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Finding the Right Collateral Fit

Collateral can be complex and potentially impact a company’s borrowing capacity, but there are ways to optimize and improve the total cost of risk transfer. We dive into the various collateral options available and what benefits they can provide for an insured.

June 29, 2022

Most organizations are familiar with the bank letter of credit (LOC) as a collateral option. Still, other offerings can provide more freedom for a company attempting to use credit in additional areas of its operations. While not all options will be available to an insured due to capacity and financial requirements, they should be familiar with the various forms of collateral and the advantages offered by each to aid in discussion with their carrier.

“Insurance carriers will vary in the types of collateral they accept to differentiate themselves and provide more options for insureds,” said Joe Braun, Assistant Vice President – Credit Risk at Safety National. “Regardless of what type is chosen, it is important for the insured to find the right collateral fit and also understand the carrier’s position on exit collateral should the insured want to move to a different carrier down the road.”

There are various types of collateral accepted by a carrier.

What are the accepted forms of collateral in most states?

  • Letter of Credit (LOC) – As the most secure form of collateral, LOCs are widely accepted amongst carriers. LOCs are a three-party agreement between a carrier as the beneficiary, the insured as the applicant, and the bank as the issuer. These are typically easy to obtain for insureds with strong financials. One disadvantage of an LOC includes cost, as a bank may require 0.5% to 1.5% of the stated LOC amount depending on their relationship with the insured. Additionally, an LOC can tie up an organization’s credit when it could be deployed elsewhere.
  • Surety Bond – This is a three-party agreement between the principal purchasing the bond, in this case, the insured, the obligee requiring the surety bond and often the beneficiary of the bond, and the surety that guarantees the obligation under the bond, oftentimes the insurance carrier insuring the bond. Most surety carriers will cap the amount of surety bond collateral held at 25% to 30% of the total collateral required. The surety carrier issues a surety bond for the obligee to hold. The surety carrier underwriting the bond will look at the insured’s financial condition when determining the bond’s rate and whether any collateral will be needed. These can be costly in terms of bond premiums, as surety carrier bond rates could be anywhere from $5 to $15 per thousand of the bond amount. However, the benefit to the insured is that they can free up their bank credit, allowing them to use it for other endeavors.
  • Non-Depleting Trust Account – Popular with small- to medium-sized businesses, this option is a custodial account between the insurance carrier, insured and the bank. The trust account is funded by cash, securities or other liquid assets that the insurance carrier is comfortable holding. This type of trust account can be a less costly alternative than the costs associated with an LOC or surety bond, but the assets held in the trust account are tied and will not be accessible to the insured or can be used as collateral for any other purpose.
  • Depleting Trust/Cash Account – Collateral is posted based on the perceived loss expectancy projected by the carrier. Claims under the deductible are paid out of the cash from the account. The insured posts the full amount of the projected losses, and it is reevaluated at each go-forward renewal. The required renewal collateral amount may be decreased or increased depending on whether the calculation shows a redundancy or a deficiency. The advantage for the insured is that it makes it easier to budget cash flows. The disadvantage is that the insured does not have the cash flow benefit (float period) like they would with a static form of collateral. With depleting collateral, they are funding upfront the full amount of the projected losses at each inception/renewal. However, all of their claims payments will not be paid out for several years.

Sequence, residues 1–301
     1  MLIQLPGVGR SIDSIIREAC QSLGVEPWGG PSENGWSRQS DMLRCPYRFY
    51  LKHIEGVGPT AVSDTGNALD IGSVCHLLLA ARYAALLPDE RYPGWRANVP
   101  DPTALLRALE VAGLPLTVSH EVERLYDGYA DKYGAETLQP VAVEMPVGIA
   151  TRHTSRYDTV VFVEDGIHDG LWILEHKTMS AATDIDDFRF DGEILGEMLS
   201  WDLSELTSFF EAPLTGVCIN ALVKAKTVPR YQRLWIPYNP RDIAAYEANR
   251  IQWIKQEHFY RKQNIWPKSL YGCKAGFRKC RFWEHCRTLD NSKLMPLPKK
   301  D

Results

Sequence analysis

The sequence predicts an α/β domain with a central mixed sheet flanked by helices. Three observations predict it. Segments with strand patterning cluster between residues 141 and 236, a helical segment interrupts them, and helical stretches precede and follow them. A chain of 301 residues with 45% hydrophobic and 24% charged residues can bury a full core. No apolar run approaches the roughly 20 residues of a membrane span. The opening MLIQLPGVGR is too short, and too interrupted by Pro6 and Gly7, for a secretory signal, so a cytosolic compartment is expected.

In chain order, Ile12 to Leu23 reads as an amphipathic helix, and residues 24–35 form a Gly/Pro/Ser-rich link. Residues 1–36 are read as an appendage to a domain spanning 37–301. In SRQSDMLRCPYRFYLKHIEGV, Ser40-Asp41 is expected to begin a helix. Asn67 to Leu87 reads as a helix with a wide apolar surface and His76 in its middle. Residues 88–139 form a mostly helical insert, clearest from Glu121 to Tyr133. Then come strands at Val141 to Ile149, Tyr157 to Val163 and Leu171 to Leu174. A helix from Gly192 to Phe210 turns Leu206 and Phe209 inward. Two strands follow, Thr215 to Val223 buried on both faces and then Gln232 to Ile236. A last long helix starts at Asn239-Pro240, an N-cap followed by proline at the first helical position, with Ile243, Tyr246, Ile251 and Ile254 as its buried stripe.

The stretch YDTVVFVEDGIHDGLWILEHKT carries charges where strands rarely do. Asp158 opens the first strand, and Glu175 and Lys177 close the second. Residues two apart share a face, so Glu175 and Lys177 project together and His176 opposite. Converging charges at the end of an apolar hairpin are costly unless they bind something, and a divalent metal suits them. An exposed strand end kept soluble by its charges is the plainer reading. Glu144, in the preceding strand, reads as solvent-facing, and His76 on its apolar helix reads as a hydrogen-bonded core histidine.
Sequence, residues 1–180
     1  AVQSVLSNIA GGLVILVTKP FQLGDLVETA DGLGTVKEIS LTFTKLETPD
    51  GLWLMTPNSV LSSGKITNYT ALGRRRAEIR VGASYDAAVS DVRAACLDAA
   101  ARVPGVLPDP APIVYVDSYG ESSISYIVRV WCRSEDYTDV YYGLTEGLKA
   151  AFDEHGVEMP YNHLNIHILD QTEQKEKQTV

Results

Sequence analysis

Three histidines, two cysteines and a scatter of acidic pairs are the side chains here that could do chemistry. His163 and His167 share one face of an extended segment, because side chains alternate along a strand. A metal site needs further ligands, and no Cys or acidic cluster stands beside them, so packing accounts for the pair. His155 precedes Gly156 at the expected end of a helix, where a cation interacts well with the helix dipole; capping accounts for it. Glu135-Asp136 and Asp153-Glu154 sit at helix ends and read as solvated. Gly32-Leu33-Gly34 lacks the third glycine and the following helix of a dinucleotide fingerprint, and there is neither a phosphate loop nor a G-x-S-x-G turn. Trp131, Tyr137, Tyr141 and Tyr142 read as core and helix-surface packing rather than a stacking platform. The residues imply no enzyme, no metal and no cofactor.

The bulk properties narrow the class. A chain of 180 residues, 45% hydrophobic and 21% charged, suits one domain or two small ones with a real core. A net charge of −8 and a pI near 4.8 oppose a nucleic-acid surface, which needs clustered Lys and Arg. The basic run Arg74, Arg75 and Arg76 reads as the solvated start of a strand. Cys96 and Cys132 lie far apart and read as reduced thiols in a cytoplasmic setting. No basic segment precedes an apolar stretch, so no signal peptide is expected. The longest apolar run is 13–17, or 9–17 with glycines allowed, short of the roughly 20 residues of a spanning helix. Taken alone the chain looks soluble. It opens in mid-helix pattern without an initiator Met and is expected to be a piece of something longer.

Other considerations when managing collateral with your insurance carrier:

  • Depending on their comfort level with the insured’s financial wherewithal, some carriers may agree to accept the collateral requirement in installments over the year versus requiring the entire collateral required to be posted at policy inception/renewal. Talk to your carrier to see if they will allow the collateral to be posted in installments over a year.
  • Discuss the various collateral forms with the insured’s management team, specifically the CFO. They understand the opportunity costs associated with the various forms of collateral.
  • Understand the collateral requirement, how they are regulated, and acceptable forms of collateral should the insured decide to leave and move to another carrier. Many insurance carriers will take away most or all of the paid loss credits once they lose an account. They may also require that any collateral held going forward be in the form of an LOC.
  • Some carriers may agree to offer a collateral commitment to help make the requirements more transparent, depending on their overall comfort level with the insured’s financial wherewithal. A collateral commitment outlines the financial ratios or other financial triggers, which, if met or exceeded, will allow the carrier to collateralize the same collateralization percentage as the previous year. This type of agreement offers the insured some transparency as to what kinds of triggers would require an increase in a carrier’s collateralization requirement.